telling him, “Life is short, even in its longest days.”
It becomes a reflection on life and career: “So you tell yourself, you’ll be
back on top someday/But you know there’s nothing waiting up there for you
Then we hear his grandmother singing the traditional song “The Baggage Coach
Ahead,” a song Mellencamp says she sang to him as a child,followed by Mellencamp
on the same tune. The love and appreciation he feels for his grandmother is
palpable and deep.
The chilling “Rural Route” (from 2007’s fine Freedom’s Road) may be Mellencamp’s
bleakest. It tells the real-life story of a fifth-grader who is traded by her
father to a man for drugs. The 10-year-old girl is raped and murdered in a rural
area where “air stinks of crystal meth,” not far from the home of Mellencamp’s
parents. Still, the horrific tale ends with the singer asking God to “show us
the will ... Give us the mercy for the drug-addicted/And the mentally ill.”
It’s one of several songs where Mellencamp takes the idealized vision of rural
and small-town life as a refuge from the meanness of the world and turns it
As one of the organizers of the fundraising concert Farm Aid, Mellencamp’s
activism for family farmers gets deeply personal on “Rain on the Scarecrow”
(here, in an acoustic version from Rough Harvest). In the story about a family
losing the farm, Mellencamp captures the sadness and anger with cutting lyrics:
“Called my old friend Schepman up to auction off the land/He said John it’s just
my job and I hope you understand/Hey callin’ it your job, ol’ hoss, sure don’t
make it right/But if you want me to I’ll say a prayer for your soul tonight.”
Songs such as “Rain on the Scarecrow,” “Ghost Towns Along the Highway” and
others seem filled with a yearning for the America of Mellencamp’s youth, one
that no longer exists. Yet, in the liner notes, he admits this nostalgia blinds
us; one person’s fond memory is another’s hellishvision.
“Jim Crow” was sparked by Mellencamp’s reaction to a TV talking head saying
America has come a longway on race relations. “I don’t think we’ve come that
far,” he says in the set’s essay. The song is powerful in both versions here -
as poetry read by Cornel West and as a duet with folk singer Joan Baez, who
marched alongside Martin Luther King Jr.
There’s a song that had fans worried in 2008 that Mellencamp might be dying. On
“Don’t Need This Body,” he sings: “All my friends are sick or dying and I’m here
all by myself/All I got left is a head full of memories and the thought of my
The first CD closes with a cool “Jack and Diane” trilogy that reveals its
evolution: “Jenny at 16,” the beginnings of the song; a writing demo; and the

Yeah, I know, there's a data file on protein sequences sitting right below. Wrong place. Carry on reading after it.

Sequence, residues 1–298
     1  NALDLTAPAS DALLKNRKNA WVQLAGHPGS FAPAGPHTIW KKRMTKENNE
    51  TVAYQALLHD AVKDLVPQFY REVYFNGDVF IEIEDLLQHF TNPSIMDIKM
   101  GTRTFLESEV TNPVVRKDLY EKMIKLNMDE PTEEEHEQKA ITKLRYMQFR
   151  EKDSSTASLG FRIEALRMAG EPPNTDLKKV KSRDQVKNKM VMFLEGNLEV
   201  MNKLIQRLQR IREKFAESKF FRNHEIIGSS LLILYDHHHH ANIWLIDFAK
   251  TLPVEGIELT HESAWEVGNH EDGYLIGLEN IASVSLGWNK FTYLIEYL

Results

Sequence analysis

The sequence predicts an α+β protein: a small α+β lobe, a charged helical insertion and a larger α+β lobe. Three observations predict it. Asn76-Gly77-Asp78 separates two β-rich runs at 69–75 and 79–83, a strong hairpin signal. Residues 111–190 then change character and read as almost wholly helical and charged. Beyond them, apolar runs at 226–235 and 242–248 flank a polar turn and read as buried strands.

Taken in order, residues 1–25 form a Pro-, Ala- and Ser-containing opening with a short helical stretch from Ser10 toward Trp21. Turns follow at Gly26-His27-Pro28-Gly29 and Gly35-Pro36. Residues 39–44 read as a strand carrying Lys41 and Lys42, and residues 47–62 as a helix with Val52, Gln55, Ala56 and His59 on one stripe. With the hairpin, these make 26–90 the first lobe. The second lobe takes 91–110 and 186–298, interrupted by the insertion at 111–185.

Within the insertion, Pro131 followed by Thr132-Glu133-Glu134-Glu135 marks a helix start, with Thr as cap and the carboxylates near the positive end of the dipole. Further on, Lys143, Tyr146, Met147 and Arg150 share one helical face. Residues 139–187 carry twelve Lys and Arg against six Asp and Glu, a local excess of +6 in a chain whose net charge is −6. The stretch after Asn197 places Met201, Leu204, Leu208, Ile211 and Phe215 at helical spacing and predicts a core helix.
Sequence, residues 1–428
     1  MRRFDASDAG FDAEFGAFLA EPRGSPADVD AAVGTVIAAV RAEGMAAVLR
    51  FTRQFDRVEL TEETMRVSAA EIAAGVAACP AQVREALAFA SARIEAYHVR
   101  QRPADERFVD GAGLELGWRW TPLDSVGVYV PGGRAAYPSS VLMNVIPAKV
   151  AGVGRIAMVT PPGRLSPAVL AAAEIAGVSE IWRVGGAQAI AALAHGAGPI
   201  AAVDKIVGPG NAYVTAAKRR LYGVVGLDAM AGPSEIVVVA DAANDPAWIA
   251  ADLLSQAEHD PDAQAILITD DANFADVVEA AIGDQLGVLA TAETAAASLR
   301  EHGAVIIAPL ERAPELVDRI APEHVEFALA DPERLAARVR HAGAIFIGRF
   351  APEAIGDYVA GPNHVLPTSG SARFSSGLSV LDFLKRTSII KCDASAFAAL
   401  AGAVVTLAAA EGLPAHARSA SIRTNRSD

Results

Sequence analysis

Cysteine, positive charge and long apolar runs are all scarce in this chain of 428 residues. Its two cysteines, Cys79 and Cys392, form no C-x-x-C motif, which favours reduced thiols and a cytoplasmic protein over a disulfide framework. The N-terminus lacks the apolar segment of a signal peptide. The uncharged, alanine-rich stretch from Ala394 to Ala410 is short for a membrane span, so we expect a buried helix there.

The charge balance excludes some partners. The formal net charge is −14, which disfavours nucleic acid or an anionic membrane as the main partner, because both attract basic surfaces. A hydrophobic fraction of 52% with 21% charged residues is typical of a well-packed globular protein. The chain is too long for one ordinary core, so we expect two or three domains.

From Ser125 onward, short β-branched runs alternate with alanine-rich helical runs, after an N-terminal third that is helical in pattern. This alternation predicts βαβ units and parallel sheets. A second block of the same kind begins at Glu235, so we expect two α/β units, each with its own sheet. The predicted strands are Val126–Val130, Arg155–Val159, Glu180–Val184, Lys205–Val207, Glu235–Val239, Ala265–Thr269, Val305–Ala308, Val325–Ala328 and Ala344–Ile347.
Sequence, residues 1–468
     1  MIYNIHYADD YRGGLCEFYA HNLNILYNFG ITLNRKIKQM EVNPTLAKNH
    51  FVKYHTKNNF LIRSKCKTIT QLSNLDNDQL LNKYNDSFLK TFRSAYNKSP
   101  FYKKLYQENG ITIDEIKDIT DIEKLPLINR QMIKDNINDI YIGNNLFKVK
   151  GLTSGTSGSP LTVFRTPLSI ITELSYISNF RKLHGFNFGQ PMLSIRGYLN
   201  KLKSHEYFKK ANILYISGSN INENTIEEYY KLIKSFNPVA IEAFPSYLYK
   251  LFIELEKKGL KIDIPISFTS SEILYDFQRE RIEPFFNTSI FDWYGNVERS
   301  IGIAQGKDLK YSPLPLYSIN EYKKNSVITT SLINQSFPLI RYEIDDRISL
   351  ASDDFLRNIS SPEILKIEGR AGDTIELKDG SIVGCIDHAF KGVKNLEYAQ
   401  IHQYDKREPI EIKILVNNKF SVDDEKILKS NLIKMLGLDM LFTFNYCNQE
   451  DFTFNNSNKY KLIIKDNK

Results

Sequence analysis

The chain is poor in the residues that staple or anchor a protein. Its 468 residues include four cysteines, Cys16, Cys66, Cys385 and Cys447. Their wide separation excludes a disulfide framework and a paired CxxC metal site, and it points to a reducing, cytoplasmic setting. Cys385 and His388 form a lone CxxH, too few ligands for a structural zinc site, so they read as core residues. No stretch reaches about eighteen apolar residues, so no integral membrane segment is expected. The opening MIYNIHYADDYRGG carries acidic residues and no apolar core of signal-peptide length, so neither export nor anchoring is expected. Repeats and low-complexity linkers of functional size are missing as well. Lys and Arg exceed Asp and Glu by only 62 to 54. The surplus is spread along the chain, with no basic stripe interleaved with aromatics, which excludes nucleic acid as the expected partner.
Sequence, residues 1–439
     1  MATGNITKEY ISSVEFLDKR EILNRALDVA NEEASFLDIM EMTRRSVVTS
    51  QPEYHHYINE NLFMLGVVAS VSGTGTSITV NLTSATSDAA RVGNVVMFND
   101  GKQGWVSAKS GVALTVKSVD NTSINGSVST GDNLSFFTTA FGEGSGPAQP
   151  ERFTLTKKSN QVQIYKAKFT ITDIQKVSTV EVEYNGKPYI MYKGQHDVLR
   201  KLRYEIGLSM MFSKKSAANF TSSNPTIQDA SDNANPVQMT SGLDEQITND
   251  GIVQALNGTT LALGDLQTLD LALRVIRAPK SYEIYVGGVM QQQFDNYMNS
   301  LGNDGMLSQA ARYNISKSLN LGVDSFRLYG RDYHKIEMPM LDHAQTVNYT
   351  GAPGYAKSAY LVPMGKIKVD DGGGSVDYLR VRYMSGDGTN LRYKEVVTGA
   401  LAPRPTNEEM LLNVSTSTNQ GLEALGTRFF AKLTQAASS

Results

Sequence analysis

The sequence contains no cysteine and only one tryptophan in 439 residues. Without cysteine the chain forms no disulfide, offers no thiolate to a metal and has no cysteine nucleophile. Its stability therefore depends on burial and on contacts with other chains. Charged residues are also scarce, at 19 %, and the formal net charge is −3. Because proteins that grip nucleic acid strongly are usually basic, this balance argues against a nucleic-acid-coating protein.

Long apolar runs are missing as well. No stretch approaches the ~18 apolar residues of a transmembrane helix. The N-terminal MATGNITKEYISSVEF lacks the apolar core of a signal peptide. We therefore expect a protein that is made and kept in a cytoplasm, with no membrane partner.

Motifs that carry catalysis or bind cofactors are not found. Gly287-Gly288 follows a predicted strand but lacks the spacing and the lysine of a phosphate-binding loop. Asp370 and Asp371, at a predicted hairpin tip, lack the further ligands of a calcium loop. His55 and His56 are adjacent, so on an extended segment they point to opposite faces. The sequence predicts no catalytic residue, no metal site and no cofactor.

album version of the hit single.
Actress Joanne Woodward opens the second disc, reading “The Real Life,” bringing
her 80-plus years of life experience to the lyrics and a new depth of meaning to
This set of songs seems to explore Americans’ shifting and often conflicting
sense of identity. Here we find Mellencamp’s most political material, including
his commentaries on the economic situation (the unsettling “Troubled Land”) and
controversial takes on Presidents Ronald Reagan and George W. Bush (“Country
Gentleman,” “Rodeo Clown”).
But “To Washington,” Mellencamp’s rewrite of a 1920s song, made him the object
of death threats at a time when the Dixie Chicks were at the center of a
firestorm and the cultural divide that grew from the Iraq war was becoming a
A rootsier take on 2007’s “Our Country” seems to echo a patriotic theme. But
listen closer and you’ll hear lines such as “Poverty could be just another ugly
thing/And bigotry would be seen only as obscene/And the ones who run this land
help the poor and common man.”
The song, which was licensed to Chevrolet for a commercial to attract attention
to his album Freedom’s Road, was overexposed. And the song’s message, described
by DeCurtis - “if this is indeed our country, that ownership comes with a
responsibility to make it live up to its ideals” - was lost. The sparer version
here serves it well.
The third disc is more personal. An alternate version of 1989’s “Void in My
Heart,” which was recorded at Chess Studios, is autobiographical: “Well I poured
miles of concrete and strung wire for telephones/Dug ditches when I was a young
boy and I first left my parents’ home/Sang my songs for millions of people, sang
good and bad news/Now there’s a void in my heart and a fire at my fuse.”
One of the pleasures of the fourth disc is a new song, “Some Day the Rains Will
Fall,” from the sessions for his forthcoming album No BetterThan This. It was
recorded in the Houston hotel room where bluesman Robert Johnson recorded many
of his songs. It’s a powerful aperitif for the new album, due Aug. 17.
The set closes with a second version of “Rural Route” with an added verse, a
coda of sorts for those involved and, perhaps, rural America: “Father’s been
brought up on charges on the rural route/ Young man awaiting death sentence
conviction from the rural route/Loneliness and isolation on the rural route/
Slowly change the look of this nation from the rural route.”
In the commentary on the song, DeCurtis writes: “Whatever redemption we may be
able to find in this hard world lies in our understanding that all our lives,
our best virtuesand most shocking vices, are bound together by our common
humanity. And only compassion can save us.”
These are the lessons learned growing up on the rural route.